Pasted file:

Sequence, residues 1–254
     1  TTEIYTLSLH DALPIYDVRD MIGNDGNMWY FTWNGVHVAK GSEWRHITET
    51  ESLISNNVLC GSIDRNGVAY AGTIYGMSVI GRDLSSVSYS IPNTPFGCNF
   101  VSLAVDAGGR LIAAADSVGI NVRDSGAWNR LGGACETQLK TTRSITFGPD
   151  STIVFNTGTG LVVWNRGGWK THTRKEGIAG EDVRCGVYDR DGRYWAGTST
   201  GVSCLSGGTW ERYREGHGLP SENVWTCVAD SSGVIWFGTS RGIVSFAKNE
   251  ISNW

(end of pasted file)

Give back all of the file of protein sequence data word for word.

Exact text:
Sequence, residues 1–254
     1  TTEIYTLSLH DALPIYDVRD MIGNDGNMWY FTWNGVHVAK GSEWRHITET
    51  ESLISNNVLC GSIDRNGVAY AGTIYGMSVI GRDLSSVSYS IPNTPFGCNF
   101  VSLAVDAGGR LIAAADSVGI NVRDSGAWNR LGGACETQLK TTRSITFGPD
   151  STIVFNTGTG LVVWNRGGWK THTRKEGIAG EDVRCGVYDR DGRYWAGTST
   201  GVSCLSGGTW ERYREGHGLP SENVWTCVAD SSGVIWFGTS RGIVSFAKNE
   251  ISNW